Genomic testing increasingly challenges health care providers and patients to understand, share, and use information. The provision of polygenic risks is anticipated to complicate comprehension, communication, and risk perception further. This manuscript aims to illuminate the challenges confronting families with multiple genetic risks for Parkinson’s disease. Identifying and planning for such issues may prove valuable to family members now and in the future, should neuroprotective or genotype-specific therapies become available. We present qualitative data from interviews with a multi-generational family carrying pathogenic variants in the glucocerebrosidase (GBA1) and leucine-rich repeat kinase 2 (LRRK2) genes which are associated with an increased risk for developing Parkinson’s disease (PD). The family includes two brothers (heterozygous for LRRK2 p.G2019S and homozygous for GBA1 p.N409S) and their four descendants. The brothers were concordant for GD and discordant for PD. Genetic counseling and testing were provided to four of the six participants. Two years later, semi-structured interviews were conducted with the initial participants (n = 4) and two additional first-degree relatives. Interviews were transcribed and thematically analyzed, providing the basis for this report. Illuminated topics include the perceived risk of developing PD, recall of genetic information, and family communication. With the expanding use of exome and genome sequencing, we anticipate that genetic counselors will increasingly face the challenges demonstrated by this case involving multiple genetic risks for PD, limited data to clarify risk, and the inherent variability of family communication, genetic knowledge, and risk perception. This clinical case report provides a compelling narrative demonstrating the need for additional research exploring these multifaceted topics relevant to both families facing these challenges and providers striving to assist, support and guide their journey.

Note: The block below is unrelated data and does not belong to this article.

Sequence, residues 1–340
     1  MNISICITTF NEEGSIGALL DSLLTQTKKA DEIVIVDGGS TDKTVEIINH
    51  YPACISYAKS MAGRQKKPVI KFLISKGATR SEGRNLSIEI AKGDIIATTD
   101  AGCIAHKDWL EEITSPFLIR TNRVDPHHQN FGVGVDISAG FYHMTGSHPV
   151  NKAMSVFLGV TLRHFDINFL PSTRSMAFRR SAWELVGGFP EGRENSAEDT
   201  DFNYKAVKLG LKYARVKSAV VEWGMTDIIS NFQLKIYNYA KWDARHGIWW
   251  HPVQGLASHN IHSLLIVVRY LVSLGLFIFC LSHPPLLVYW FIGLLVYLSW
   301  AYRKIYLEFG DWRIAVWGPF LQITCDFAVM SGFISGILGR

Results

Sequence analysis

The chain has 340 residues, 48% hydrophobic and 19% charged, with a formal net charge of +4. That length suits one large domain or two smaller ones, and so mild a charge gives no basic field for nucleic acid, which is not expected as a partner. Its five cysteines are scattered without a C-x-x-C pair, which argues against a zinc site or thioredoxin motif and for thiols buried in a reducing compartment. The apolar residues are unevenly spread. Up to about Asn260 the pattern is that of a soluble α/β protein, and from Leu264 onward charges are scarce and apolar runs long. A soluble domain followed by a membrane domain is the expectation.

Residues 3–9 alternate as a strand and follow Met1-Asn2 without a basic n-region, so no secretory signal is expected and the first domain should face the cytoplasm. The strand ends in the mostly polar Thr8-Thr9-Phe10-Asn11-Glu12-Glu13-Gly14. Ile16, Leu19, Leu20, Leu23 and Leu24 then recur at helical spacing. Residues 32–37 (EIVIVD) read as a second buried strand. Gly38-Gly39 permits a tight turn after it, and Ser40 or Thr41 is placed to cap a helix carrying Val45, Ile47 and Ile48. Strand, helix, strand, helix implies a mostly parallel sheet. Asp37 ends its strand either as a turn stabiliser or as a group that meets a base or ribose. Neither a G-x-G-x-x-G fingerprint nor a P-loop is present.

Published 2023. This article is a U.S. Government work and is in the public domain in the USA.